In 2018, BIM terminated the contracts due to delays. TEBC commenced arbitration proceedings challenging BIM's right to terminate the contracts and claiming damages arising from the termination. The arbitral tribunal reached a split decision in favour of TEBC, with one member of the tribunal issuing a partial dissent disagreeing with the majority on their interpretation of Ontario law and reducing the damages awarded to TEBC by more than 50 percent.
Subsequently, BIM sought leave to appeal under Section 45 of the Arbitration Act on questions of law, including those that it believed drove the divergent results reached by the majority and the dissent. The Superior Court of Justice refused to grant leave to appeal, holding that the arbitration agreement precluded any appeal by (1) stating that disputes would be "finally settled" by arbitration, and (2) incorporating the ICC Rules, which included a waiver of any form of recourse against the award. On this basis, the application judge declined to grant BIM leave to appeal.
BIM subsequently appealed the application judge's decision to the Ontario Court of Appeal pursuant to Section 49 of the Arbitration Act. In response, TBEC moved to quash BIM's appeal on the basis that Section 49 does not contemplate an appeal from a decision on a leave application. The Court of Appeal dismissed TBEC's motion to quash the appeal, but ultimately held that the application judge made no reversible error in finding that the arbitration agreement precluded appeals to the court on any question.
The Court of Appeal decision in Baffinland Iron Mines contains four key takeaways for domestic arbitrations that are seated in Ontario.
1. Clear Framework for Availability of Appeals from Domestic Awards in Ontario
As drafted, Section 45 of the Ontario Arbitration Act, which governs availability of appeals from domestic awards, is not inherently intuitive. The Court of Appeal introduced some much-needed clarity by expressly finding that it contemplates three different scenarios:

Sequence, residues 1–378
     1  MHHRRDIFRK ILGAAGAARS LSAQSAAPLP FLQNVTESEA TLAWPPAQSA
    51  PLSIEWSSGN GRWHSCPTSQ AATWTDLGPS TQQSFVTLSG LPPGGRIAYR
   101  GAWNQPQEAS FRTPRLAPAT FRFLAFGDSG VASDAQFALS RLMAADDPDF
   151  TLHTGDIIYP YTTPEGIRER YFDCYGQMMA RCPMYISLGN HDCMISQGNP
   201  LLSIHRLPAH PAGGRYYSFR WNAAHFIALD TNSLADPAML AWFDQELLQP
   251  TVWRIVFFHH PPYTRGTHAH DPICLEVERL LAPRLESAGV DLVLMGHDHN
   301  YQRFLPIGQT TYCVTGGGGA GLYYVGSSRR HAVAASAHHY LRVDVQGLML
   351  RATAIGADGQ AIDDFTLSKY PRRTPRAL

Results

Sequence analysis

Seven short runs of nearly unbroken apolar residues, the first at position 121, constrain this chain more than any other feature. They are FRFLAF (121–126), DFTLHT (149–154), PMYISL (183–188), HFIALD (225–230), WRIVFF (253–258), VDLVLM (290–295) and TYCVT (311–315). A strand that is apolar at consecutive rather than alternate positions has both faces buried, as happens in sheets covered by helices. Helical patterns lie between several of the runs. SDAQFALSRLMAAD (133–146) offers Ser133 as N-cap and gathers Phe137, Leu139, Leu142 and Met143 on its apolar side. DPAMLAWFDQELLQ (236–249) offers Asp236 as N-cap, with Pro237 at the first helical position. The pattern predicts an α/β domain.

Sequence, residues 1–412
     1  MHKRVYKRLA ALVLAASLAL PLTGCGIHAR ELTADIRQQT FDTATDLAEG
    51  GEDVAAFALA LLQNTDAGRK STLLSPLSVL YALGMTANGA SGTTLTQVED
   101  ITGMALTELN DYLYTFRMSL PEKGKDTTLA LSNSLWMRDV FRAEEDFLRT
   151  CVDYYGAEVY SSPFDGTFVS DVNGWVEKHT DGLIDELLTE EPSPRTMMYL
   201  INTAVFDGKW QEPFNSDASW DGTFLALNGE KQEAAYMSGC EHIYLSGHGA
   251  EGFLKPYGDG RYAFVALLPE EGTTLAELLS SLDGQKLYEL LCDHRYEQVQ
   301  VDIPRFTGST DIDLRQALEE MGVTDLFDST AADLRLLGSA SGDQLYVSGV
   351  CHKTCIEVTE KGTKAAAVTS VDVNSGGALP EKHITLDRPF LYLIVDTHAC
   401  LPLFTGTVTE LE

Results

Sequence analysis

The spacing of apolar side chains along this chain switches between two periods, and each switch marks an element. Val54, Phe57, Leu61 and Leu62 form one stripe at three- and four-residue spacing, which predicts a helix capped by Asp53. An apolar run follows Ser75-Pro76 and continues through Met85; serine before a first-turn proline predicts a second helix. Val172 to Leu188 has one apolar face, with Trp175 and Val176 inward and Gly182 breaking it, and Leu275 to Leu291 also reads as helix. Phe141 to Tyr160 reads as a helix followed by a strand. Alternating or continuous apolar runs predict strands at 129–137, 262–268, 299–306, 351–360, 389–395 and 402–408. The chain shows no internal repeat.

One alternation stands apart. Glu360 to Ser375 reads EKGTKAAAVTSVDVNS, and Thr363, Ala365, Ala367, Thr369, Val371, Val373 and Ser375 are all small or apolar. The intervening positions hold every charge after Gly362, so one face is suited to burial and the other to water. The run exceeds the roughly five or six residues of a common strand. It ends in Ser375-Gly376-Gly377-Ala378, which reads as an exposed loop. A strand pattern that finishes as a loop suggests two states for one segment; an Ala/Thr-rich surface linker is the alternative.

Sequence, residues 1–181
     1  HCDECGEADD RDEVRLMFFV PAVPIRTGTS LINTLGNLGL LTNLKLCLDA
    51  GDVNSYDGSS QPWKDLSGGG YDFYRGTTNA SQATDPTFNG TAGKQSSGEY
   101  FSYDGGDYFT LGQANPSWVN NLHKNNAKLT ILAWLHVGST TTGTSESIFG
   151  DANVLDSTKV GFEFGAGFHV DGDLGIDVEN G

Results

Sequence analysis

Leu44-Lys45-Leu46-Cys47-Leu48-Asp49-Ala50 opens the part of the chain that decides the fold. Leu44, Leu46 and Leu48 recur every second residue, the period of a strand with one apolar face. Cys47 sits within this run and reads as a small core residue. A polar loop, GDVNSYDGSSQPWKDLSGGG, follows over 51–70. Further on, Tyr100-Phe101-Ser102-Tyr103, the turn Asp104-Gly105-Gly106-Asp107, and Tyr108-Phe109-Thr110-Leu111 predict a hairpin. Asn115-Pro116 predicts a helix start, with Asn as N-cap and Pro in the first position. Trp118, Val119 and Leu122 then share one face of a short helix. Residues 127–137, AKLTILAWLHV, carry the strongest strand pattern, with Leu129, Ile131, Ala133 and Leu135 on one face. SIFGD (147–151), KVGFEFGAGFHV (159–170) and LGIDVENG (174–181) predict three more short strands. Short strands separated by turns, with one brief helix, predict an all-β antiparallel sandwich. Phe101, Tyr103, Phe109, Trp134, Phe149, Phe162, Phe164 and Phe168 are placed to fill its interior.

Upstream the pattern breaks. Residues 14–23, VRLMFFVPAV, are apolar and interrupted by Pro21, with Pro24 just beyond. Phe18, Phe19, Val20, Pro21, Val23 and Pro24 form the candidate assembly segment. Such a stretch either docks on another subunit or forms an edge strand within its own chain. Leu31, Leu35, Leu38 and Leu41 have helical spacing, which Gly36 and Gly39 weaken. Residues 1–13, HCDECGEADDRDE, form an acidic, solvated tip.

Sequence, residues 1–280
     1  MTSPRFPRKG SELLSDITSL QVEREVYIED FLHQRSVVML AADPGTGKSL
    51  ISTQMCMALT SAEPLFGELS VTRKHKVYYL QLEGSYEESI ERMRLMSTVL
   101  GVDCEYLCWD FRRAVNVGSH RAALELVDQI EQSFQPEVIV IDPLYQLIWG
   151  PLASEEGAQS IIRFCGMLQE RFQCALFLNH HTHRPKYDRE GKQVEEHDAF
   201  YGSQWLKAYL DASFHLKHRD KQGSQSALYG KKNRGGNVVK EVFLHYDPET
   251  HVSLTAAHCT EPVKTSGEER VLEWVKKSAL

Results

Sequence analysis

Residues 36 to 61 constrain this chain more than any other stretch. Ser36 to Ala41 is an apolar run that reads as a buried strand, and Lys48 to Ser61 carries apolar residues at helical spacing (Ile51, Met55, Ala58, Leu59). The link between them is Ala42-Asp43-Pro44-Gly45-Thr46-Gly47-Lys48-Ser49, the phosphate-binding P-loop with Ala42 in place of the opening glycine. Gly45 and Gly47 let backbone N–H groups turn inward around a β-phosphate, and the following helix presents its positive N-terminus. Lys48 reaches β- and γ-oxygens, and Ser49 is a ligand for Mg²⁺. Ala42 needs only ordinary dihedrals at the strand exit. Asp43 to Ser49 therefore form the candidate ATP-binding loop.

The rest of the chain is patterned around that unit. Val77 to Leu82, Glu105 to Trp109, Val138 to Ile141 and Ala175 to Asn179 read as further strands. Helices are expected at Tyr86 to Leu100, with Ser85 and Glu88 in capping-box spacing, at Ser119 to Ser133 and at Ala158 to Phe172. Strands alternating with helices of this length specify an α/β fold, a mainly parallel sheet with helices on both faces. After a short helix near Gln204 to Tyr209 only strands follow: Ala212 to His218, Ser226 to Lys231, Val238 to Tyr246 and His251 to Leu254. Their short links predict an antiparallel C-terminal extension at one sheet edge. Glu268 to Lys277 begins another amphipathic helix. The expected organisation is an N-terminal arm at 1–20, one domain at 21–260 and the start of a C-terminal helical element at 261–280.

- Where an arbitration agreement expressly provides for appeals: there is an appeal as of right.
- Where an arbitration agreement is silent on appeals: there is an opportunity to appeal but only with leave of the Superior Court of Justice.
- Where an arbitration agreement precludes appeals: there is no appeal or right to seek leave to appeal.
2. Clear Framework for Availability of Appeals from a Decision on a Leave Application
As noted, Section 49 of the Ontario Arbitration Act provides for a further appeal to the Court of Appeal from a decision of the Superior Court of Justice on an appeal or a set-aside application, with leave of the Court of Appeal. However, Section 49 is silent on appeals from a denial of leave to appeal under Section 45(1).
The Court of Appeal in Baffinland Iron Mines again introduced some much-needed clarity on this issue while explaining and reconciling two of its own seemingly competing decisions cited by the parties in support of their respective positions. The Court set out the following rules for when an appeal lies to the Court of Appeal under Section 49 of the Arbitration Act from a decision on a leave application:
- Where the Superior Court of Justice declines to consider the merits of an application for leave to appeal: an appeal to the Court of Appeal is available with leave.
- Where the Superior Court of Justice duly considers the merits of an application for leave to appeal and denies leave: an appeal to the Court of Appeal is not available.
As noted, in this case, the application judge refused to consider the merits of BIM's leave application on the basis that the arbitration agreement precluded any appeals. Applying the above principles, the Ontario Court of Appeal dismissed TEBC's motion to quash BIM's appeal to the Court of Appeal.